Sending your DNA in the post – is it safe?
It’s that time of year again, and many people are hitting the shops to try to find that perfect Christmas gift for friends and family. Increasingly, at-home DNA test kits are being advertised as the perfect gift idea, playing on people’s natural curiosity about themselves and offering the chance to go beyond information provided by relatives or from historical documentation. We spoke to Genetic Pathologist, Doctor Melanie Galea, to understand more about what these tests can actually tell us, and what we should be aware of.
“At-home DNA tests are best described as recreational genetic tests; they are not in the diagnostic realm whatsoever. They work by looking for those variations across a patient’s genome which are consistent with a particular ethnic origin. By using a specific algorithm, and by looking at combinations of variants across the entire genome, it is possible to work out what ethnic background a person has.
“Whilst the tests can deduce what ethnic origins are present in you, they cannot tell you anything about the chronology of when that happened, and they cannot tell you who your parents are. The tests will also not tell you any information about your predispositions to any conditions or be able to diagnose any conditions. They have no diagnostic implications at all,” said Doctor Galea
At-home DNA kits can be easily bought online and require a small saliva sample to be sent off in the post for analysis. Within a relatively short space of time, participants will receive a link to their online test results. Whilst the tests themselves do not reveal specific relatives, some companies offer the option to search for other people in their databases who share the same DNA.
“It is important to note that pathologists are not involved in this process. The tests are provided by direct to consumer companies, and therefore are subject to different regulations than diagnostic testing. One thing to be aware of is what these companies will do with your information. Some may involve signing an agreement which says that the information gained from your DNA can be used for other purposes. This means that the company owns a copy of that information which may then be used to generate profits or can be sold onto third parties,” said Doctor Galea.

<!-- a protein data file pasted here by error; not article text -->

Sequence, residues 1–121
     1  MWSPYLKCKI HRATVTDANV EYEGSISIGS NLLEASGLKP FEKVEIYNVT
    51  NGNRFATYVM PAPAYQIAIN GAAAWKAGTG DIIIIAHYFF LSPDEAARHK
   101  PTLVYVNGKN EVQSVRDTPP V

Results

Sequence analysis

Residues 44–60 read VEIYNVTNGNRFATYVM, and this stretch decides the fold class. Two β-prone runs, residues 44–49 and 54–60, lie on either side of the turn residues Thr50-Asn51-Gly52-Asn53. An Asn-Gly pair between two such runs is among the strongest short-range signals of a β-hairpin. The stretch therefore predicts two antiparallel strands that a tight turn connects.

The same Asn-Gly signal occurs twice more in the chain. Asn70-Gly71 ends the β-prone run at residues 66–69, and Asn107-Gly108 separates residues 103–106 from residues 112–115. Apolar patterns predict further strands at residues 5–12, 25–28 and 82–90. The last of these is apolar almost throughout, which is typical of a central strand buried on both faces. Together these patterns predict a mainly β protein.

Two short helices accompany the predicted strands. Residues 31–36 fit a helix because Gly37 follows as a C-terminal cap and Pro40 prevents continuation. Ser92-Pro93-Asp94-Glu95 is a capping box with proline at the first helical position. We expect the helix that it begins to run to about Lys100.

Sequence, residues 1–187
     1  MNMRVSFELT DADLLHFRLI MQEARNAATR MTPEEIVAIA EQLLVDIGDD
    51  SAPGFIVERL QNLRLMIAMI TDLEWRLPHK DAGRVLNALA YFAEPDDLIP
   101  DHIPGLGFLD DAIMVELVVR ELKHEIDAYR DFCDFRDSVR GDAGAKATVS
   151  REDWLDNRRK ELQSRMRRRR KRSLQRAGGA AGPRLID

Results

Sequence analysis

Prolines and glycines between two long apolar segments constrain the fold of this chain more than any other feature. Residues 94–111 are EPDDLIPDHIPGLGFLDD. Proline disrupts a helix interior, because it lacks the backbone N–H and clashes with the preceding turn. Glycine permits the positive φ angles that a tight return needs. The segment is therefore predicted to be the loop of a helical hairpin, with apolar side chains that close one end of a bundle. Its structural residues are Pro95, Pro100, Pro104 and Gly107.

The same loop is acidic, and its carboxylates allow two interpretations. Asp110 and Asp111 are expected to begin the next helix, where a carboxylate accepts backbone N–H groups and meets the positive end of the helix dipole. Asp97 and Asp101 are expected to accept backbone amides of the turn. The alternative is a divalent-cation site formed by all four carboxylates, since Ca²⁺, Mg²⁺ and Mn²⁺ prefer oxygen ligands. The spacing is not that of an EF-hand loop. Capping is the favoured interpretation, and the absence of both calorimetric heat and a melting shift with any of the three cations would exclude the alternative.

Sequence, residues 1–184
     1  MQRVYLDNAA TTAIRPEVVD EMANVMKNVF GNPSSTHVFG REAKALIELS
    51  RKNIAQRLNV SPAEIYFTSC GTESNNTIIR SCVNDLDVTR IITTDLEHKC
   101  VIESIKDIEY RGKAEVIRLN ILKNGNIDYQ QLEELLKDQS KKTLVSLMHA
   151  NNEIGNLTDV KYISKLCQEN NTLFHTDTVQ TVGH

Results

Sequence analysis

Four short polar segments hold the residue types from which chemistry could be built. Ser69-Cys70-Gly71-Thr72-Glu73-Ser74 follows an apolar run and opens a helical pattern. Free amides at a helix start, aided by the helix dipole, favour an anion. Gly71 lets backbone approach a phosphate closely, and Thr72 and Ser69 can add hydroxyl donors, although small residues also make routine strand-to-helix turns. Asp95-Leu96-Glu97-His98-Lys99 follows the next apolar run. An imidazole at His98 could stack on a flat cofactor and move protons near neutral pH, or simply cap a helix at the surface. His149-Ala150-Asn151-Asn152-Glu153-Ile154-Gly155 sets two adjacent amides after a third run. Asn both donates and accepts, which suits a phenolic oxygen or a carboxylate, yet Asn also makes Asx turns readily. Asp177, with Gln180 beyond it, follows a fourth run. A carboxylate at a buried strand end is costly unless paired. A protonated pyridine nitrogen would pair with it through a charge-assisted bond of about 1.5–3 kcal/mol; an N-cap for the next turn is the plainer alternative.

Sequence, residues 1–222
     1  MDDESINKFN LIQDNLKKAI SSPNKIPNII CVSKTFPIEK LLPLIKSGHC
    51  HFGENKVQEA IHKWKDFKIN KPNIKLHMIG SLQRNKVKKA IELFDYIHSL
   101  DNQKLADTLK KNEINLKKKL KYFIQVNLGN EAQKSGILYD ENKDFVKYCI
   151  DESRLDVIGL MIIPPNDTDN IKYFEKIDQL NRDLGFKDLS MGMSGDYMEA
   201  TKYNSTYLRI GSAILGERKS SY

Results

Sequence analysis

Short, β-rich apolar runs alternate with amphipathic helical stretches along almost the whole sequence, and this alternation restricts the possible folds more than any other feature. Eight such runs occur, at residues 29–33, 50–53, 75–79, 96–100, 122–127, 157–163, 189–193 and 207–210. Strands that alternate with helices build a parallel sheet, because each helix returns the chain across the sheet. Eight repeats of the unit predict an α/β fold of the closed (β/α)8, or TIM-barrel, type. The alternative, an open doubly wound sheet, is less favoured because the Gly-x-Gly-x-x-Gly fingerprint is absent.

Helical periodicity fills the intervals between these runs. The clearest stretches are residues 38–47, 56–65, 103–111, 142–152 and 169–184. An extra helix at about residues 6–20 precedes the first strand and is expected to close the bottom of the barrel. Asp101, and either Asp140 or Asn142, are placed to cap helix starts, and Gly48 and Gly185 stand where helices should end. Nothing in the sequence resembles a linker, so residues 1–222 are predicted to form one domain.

Whist at-home DNA kits like these should be used only as a light-hearted conversation starter, it is important to note that family health history is important to an individual’s personal health. Complex disorders such as heart disease, high blood pressure or certain cancers are all influenced by a combination of genetic factors, environmental conditions, and lifestyle choices. A family medical history can therefore identify people with a higher-than-usual chance of having a number of common disorders, however, should be overseen by an experienced and independent medical practitioner.
“If you are concerned about a particular genetic diagnosis in your family, then this is definitely not the test for that. The best first port of call is your medical practitioner who can refer you to a specialist in that area,” said Doctor Galea.
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This article appeared in the December 2019 Edition of ePathWay which is an online magazine produced by the Royal College of Pathologists of Australasia (http://www.rcpa.edu.au/Library/Publications/ePathway).
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